MEDLAND: After three races, it’s already time to reevaluate Leclerc

After just three races I have to change my mind about Charles Leclerc.

Before this season, watching Leclerc always had the feeling that one or the other mistake was lurking around the next corner. Normally he would take full responsibility for this and maybe even be too hard on himself, but small mistakes seemed to underline the excellence.

A greater degree of consistency laid the foundation for Carlos Sainz’s first season at Ferrari last year, when he managed to finish just over five points clear of Leclerc in the Drivers’ Championship, securing status as the best of the other Red Pairs Bull and Mercedes.

And it was this dynamic that made it difficult to separate Leclerc and Sainz this season. The Spaniard seemed destined to be more reliable, while Leclerc might enjoy higher highs but lower lows.

So far it’s only been the higher altitudes – every race weekend so far – and something Leclerc said after his comfortable win in Australia reminded me why that should have been expected.

“Obviously the mindset is a bit different compared to the last two years,” Leclerc said. “Now I know I’ve got a car under me that’s capable of winning and I don’t really have to overdo it or do anything really special and spectacular to actually get a place or two because I know that’s what it’s in car and I just have to do the job.”

It’s easy to forget how poor Ferrari has been at times in recent years and those problems have almost entirely coincided with Leclerc’s time with the team. While he made an impressive start to his Ferrari career in just his second season in F1 – an unprecedented move by Scuderia to promote someone so inexperienced, remember – early-season promise faded with reliability issues and a Car that was rarely a contender for victories.

Leclerc capitalized on the two key chances he faced at Spa-Francorchamps and Monza in front of the adoring Tifosi, but soon after, Ferrari’s power unit came under more focus and the car was far less competitive in the closing stages of 2019.

I probably don’t need to tell you how bad 2020 has been for the team and last year it was a long way from having a car that was capable of being happy with Red Bull and Mercedes so this year is Leclerc’s first chance to show what he can do up front. And that’s something he’s actually used to.

When Leclerc won the Formula 2 championship in 2017, he was in a class of his own. Driving for Prema, he took all but one lap of pole that season, although he also lost a pole to a technical infraction acknowledged even by his main title rival Oliver Rowland, which didn’t benefit Leclerc’s performance.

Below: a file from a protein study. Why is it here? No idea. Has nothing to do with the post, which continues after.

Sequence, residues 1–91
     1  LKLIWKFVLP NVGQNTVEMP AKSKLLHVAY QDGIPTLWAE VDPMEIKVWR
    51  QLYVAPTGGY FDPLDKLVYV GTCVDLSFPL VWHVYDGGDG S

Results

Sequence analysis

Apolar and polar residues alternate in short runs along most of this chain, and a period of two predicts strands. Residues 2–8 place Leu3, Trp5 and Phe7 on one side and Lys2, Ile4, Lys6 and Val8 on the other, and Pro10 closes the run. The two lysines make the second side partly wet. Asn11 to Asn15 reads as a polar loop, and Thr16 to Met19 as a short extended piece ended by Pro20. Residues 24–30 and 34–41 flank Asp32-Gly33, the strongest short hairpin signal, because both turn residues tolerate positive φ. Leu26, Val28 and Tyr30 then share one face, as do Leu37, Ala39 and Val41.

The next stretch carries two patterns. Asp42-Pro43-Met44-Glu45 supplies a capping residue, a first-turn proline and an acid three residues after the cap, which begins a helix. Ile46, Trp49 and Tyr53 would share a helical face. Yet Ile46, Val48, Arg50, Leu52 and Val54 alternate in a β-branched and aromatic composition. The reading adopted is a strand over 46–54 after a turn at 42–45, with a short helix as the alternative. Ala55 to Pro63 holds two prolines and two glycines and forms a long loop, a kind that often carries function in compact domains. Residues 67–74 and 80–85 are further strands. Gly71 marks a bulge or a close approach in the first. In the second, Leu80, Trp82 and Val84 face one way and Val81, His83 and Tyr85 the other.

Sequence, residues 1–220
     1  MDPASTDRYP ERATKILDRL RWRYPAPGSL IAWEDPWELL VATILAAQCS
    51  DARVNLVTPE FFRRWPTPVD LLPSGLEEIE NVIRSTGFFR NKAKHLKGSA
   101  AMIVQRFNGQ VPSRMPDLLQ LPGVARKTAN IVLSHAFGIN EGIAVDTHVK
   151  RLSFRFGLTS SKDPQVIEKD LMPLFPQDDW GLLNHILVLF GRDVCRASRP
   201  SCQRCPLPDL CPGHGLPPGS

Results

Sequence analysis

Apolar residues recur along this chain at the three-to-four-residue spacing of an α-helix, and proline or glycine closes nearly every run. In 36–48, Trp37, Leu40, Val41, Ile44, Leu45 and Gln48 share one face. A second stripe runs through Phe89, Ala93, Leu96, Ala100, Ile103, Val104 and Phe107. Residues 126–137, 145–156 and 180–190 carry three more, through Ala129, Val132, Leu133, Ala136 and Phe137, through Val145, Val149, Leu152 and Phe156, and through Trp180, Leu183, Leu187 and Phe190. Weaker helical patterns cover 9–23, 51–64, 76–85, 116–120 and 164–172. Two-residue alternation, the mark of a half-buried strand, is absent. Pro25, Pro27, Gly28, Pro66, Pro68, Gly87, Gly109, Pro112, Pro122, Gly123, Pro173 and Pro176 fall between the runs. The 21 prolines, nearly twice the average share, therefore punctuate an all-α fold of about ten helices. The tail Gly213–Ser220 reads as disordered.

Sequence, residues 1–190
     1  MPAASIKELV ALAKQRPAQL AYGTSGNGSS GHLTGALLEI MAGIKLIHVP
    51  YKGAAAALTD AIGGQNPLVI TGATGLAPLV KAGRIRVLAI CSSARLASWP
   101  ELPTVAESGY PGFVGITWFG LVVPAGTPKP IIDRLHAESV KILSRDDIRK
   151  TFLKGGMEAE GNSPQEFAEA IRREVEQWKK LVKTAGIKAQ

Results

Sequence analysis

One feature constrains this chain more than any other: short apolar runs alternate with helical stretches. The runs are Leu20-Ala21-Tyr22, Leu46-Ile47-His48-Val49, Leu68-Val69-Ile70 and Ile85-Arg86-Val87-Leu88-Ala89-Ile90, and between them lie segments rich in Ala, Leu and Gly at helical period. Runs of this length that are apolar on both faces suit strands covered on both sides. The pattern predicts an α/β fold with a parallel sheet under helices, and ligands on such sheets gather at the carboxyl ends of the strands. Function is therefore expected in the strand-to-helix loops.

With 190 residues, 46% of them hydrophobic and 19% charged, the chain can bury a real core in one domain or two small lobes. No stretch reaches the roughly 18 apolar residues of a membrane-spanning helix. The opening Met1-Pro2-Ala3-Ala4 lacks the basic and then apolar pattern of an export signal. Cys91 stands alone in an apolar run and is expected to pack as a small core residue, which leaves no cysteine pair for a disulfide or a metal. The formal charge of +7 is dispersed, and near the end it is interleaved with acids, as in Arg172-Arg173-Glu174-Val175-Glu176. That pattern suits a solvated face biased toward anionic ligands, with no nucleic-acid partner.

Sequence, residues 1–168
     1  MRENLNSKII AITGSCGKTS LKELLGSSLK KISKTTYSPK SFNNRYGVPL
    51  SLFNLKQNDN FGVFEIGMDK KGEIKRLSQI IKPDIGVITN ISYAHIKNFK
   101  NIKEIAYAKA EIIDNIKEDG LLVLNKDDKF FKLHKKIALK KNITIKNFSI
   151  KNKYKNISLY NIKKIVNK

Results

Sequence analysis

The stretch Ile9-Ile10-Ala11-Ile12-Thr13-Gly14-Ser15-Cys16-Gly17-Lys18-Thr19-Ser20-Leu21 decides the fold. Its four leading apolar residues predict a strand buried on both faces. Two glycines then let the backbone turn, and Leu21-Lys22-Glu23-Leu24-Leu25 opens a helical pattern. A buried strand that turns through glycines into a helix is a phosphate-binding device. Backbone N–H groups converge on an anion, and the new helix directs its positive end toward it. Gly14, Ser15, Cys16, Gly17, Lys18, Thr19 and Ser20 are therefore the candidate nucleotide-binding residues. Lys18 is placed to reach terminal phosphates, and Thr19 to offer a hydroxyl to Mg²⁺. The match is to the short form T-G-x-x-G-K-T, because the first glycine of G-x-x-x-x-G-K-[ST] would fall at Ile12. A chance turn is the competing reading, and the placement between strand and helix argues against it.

It may be a spec series but F2 clearly has stronger and weaker teams and Prema has tended to be the place to be as they have provided three of the last five Drivers’ Championships. Part of what was clearly the best package of 2017, Leclerc was great as a rookie, securing his GP3 title against more experienced opponents at a time when the chassis was already quite dated and rookies therefore faced a tougher challenge.

Leclerc was dominant in Formula 2 in 2017 and is now drawing confidence from that experience as he finds himself in a competitive position this season. Motorsport images

It’s an experience Leclerc is clearly drawing confidence from this year.

“I was in that situation in the junior categories,” he said. “But to be in this situation in Formula 1 means a lot, especially after the last few years and with a team like Ferrari. So it feels incredible.”

Back then, Leclerc could see the benefit of not trying to oversteer. He knew that if he used the car’s potential in F2, most of the time he would get a great result. That approach is only reinforced this year where Ferrari has a clear car advantage over at least eight other teams and also based on its performance compared to Red Bull in Melbourne.

Sometimes, when drivers try to downplay their chances, it sounds like they’re talking in clichés. For Leclerc, the smile on his face after stepping out of his car in Melbourne betrayed the words that came out of his mouth.

“Of course we’ve only had the third race, so it’s difficult to think about the championship, but to be honest we have a very strong car, a very reliable car,” he said.

“And at the moment we’ve always been there, so I hope it continues like this and if that’s the case then we probably have chances for the championship, which of course makes me smile after the last two years that have been difficult for the team brings and of course for me. So it’s great to be back in this position.”

There’s so much to go from this season. A 20-race schedule is longer than most F1 seasons in the past, but Leclerc’s early performances make him the clear favorite for this year’s championship. Heading into a hectic atmosphere with a Ferrari driver leading the title race at Imola, he knows the pressure is sure to increase.

“Thirty-four points is always good to get wherever you are on the calendar, but yeah, I don’t want to focus too much on the championship right now,” he said. “Italy is going to be amazing, but we have to approach the race weekend the same way we did the first three weekends.

“I think it’s extremely important not to push yourself and not try to overdo it. We’ve been working very well together as a team since the start of the season and we just have to keep going like we did the first three weekends.”

Saying it is one thing and doing it quite another, but the way he’s been in such a position in the past really makes you think Leclerc has no qualms when it comes to conceding title favourite be. In fact, it might get the best out of him, pushing him to push his limits, but not beyond.

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